I did all this while listening to Journey’s “Only the Young,” Grandmaster Flash’s “White Lines,” Jimmy Eats World’s “The Middle” and Kippi Brannon’s “Daddy’s Little Girl.” These are the only songs I had, and I just listened to them over an over. I still do not know how the Jimmy Eats World song got on there. Oh, the damn U2 album that was put in everyone’s iTunes account was available, but fuck that shit.

I paused to look down at Little League fields. On April Lane, I thought about heading up to the very top. A few Christmases ago, Adam and I discovered the Rim of the Valley Trail. Yes, I have never been on it. We walked a mile on it to stunning Valley views.

Back at home, I wandered the house. Upstairs, I remembered the way Adam and I would have our laundry and clothes strewn everywhere; how we would start the night in the queen bed, but Adam would move to the couch half the time because a) too fucking close! or b) I’m snoring. We loved the shower, which had great pressure and would get extra hot.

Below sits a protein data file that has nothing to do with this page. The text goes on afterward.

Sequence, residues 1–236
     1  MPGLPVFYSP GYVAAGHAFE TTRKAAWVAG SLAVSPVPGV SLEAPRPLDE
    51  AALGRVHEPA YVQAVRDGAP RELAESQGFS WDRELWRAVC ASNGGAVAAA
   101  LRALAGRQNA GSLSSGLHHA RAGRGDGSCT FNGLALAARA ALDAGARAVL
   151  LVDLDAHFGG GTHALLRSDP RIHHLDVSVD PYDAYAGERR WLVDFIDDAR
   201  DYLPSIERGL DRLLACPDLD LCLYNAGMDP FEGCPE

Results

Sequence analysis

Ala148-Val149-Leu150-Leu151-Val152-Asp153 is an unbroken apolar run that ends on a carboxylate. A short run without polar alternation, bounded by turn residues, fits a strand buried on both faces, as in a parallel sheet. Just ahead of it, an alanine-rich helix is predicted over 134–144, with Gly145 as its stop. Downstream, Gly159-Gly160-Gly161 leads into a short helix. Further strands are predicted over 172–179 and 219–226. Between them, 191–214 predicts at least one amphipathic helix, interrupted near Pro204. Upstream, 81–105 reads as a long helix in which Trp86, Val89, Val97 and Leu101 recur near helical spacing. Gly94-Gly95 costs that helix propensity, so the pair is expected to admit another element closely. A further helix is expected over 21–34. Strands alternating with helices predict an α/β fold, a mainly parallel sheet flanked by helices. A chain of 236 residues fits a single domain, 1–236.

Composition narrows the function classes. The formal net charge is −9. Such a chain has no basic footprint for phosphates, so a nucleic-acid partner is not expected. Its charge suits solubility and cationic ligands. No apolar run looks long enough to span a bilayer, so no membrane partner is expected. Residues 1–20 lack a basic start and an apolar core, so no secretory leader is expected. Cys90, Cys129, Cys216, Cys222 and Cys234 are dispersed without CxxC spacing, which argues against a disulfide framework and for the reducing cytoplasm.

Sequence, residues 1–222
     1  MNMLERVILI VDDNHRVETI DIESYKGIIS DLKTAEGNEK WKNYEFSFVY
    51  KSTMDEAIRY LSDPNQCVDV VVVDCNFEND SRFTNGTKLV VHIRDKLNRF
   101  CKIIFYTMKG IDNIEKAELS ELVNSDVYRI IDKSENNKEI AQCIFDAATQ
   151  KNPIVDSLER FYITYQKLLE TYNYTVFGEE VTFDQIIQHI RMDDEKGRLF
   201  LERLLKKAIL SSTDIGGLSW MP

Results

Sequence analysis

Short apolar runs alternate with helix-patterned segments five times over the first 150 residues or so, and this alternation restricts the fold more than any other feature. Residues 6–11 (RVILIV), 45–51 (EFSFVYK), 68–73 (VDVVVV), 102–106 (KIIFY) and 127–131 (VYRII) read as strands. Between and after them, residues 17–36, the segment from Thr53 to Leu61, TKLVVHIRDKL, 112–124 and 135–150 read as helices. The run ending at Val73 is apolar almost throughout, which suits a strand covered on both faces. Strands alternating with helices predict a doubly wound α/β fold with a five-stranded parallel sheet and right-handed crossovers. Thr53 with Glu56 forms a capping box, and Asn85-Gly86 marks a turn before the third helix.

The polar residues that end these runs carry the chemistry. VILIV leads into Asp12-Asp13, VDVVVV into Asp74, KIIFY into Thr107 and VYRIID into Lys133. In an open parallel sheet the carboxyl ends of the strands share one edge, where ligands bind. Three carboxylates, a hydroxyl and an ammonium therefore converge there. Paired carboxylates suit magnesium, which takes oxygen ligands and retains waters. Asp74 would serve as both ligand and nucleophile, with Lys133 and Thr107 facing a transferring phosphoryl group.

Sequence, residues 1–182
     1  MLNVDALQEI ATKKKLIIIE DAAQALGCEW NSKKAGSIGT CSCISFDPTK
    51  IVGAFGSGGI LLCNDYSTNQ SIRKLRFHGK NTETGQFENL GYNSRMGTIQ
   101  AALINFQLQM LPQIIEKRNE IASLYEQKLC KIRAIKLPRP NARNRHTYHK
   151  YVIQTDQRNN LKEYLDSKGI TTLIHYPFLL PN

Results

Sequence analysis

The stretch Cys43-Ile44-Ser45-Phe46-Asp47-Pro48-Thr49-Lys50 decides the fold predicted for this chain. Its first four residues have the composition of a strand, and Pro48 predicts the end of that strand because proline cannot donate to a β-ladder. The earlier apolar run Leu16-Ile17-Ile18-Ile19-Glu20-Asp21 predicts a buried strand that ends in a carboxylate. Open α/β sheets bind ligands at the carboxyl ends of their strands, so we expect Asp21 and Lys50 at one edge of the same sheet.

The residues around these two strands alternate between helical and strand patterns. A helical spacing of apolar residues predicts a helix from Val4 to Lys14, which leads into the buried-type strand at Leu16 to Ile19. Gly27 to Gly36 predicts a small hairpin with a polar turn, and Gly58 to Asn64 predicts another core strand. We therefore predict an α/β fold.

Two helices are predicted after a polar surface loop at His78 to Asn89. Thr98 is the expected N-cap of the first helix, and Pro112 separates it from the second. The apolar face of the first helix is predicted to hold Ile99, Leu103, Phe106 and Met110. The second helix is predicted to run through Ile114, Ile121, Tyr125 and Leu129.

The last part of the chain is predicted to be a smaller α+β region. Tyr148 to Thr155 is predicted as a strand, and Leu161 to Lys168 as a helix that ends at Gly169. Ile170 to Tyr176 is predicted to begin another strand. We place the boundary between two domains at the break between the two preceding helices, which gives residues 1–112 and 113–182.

On the walk

I’d get out of the shower and Adam would have Star Trek:TNG on the TV while I got ready. Sometimes, he’d go down and talk to mom, make coffee. He learned to appreciate reading a good newspaper here … the L.A. Times.

We would think about what we wanted to do.Was it time to take the requisite beach trip and find a new brewery? Go to Hollywood for the Museum of Death? Sushi at Tori-Yen? Maybe this year we would have gone to the Harry Potter world at Universal Studios. We’d find a bar that looked cool, have a drink and just talk. Together all these years, and we never ran out of things to talk about. If a silence went too long, I’d say “want to get married?” Because our joke was that was the only reason people got married because a couple couldn’t stand the silence in a conversation.